I was distressed to read the article of July 28 titled, “The Work Goes On: How Local Faith Communities Are Addressing Racial Justice in 2021,” [Xpress] by Jessica Wakeman.
While the worthy efforts of five Christian faith communities were highlighted in the article, not one mention was made of the work of the Jewish community. I know Ms. Wakeman was aware of some of this work, as I was interviewed for that article, and I am a member of the Jewish community.
Judaism has a basic tenet of faith called tikkun olam, which means repair the world. Racial justice issues fall under this precept. Using that as guidance, Congregation Beth HaTephila’s social action committee sponsored four evenings of discussion around issues of racial justice, which included understanding the role of white supremacy. A study group encouraging further introspection of these issues provided a further avenue for discussion during the afternoon of Yom Kippur, a holiday devoted to prayer for atonement and forgiveness. Because of COVID, events took place online.
We have also provided congregants with lists that highlight Black businesses in Asheville, so they can support them with their patronage, and a reading list with relevant materials to continue personal study. Before COVID, we were able to celebrate Martin Luther King Jr. weekend with St. James AME Church. Our efforts will continue in the coming year.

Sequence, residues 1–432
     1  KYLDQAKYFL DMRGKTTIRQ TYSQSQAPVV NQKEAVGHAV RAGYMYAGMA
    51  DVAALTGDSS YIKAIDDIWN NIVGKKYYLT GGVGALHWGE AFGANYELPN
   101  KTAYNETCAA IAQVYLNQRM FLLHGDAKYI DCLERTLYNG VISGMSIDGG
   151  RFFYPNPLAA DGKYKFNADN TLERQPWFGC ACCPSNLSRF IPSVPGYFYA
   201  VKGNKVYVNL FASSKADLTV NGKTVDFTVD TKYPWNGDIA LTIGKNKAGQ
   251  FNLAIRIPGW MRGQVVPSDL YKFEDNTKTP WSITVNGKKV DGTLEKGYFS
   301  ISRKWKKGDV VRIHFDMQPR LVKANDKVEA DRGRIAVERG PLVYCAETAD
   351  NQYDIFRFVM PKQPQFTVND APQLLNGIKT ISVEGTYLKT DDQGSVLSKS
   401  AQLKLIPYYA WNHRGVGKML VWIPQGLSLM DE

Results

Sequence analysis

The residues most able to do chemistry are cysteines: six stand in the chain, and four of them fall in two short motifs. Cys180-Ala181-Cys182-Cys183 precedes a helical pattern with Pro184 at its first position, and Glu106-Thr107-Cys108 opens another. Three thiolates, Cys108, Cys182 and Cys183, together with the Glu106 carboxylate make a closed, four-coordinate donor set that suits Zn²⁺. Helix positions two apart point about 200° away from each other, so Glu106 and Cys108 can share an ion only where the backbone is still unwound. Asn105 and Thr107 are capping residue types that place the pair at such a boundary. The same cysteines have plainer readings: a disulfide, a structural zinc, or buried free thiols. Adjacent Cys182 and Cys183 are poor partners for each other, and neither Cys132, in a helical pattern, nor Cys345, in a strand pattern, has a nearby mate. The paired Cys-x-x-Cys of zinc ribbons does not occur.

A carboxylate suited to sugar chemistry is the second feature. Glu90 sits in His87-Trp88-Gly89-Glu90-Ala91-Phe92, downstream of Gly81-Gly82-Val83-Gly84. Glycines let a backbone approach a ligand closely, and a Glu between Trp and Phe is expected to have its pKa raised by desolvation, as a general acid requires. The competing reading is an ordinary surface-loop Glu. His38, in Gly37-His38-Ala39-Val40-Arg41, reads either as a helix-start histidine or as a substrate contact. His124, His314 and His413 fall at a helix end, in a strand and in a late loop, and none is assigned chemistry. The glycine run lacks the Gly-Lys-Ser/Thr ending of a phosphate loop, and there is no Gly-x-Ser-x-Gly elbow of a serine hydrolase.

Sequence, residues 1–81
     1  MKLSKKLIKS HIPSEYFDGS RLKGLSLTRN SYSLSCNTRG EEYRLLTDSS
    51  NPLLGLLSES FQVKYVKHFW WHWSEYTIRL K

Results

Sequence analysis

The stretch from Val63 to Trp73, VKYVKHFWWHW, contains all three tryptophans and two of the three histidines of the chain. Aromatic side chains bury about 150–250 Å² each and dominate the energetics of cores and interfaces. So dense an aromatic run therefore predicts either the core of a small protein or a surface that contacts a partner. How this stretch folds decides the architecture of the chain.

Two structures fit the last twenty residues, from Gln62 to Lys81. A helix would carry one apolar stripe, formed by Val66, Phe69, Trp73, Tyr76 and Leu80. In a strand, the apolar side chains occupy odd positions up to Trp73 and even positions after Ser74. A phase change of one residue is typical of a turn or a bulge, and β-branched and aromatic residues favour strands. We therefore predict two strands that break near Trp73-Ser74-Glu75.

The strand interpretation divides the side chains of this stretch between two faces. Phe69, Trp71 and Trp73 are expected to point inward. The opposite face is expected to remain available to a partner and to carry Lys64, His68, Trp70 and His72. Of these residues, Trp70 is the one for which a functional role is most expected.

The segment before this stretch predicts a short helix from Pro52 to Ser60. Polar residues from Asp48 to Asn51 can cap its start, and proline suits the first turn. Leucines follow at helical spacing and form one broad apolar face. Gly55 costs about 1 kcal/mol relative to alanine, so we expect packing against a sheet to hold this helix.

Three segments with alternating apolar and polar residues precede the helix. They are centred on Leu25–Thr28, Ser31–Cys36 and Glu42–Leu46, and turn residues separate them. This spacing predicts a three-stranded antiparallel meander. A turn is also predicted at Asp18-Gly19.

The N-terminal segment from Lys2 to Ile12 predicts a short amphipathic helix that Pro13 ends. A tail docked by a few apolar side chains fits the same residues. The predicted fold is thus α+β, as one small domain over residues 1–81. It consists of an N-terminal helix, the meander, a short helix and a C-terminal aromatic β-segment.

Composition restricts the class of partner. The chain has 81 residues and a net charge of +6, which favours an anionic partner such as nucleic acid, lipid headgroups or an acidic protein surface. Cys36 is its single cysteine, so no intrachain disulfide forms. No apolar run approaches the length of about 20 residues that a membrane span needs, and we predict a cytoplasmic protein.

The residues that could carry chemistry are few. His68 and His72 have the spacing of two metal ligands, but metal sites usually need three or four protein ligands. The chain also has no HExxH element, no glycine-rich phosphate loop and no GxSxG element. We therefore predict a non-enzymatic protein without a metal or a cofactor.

CBHT is not alone in the Jewish community in these endeavors. Congregation Beth Israel’s social action committee sponsored its own study groups, its own lists and will be going forward with them.
The first large-scale public effort to address racial justice issues in the Jewish community was sponsored by the Jewish Community Relations Council. Their programs were open to the entire Jewish community in the area, heavily attended via Zoom, and spurred the actions highlighted above. Another Jewish group, Carolina Jews for Justice, is also intensely involved in the racial justice movement.
Perhaps you could give me a reason as to why the Jewish community’s involvement was omitted? If we are trying to be inclusive in this region, I think it would have been a good idea to mention it.
— Vivian Ellner
Editor’s response: We regret not including additional faiths in our recent piece. Some of what the writer notes in her letter, including the four-part discussion on racial justice, was previously addressed in initial reporting on the subject in August 2020 in the article, “Love Thy Neighbor: Religious Leaders Tackle Systemic Racism.”
Reporter Jessica Wakeman adds: “Thank you for making yourself available as a member of Congregation Beth HaTephila to be interviewed. Reporters work within a limited word count in their stories, and, unfortunately, not all the information we gather or interviews we conduct make it into every article. In retrospect, I regret not including a synagogue or mosque in the piece for a more comprehensive view of the religious landscape of WNC.”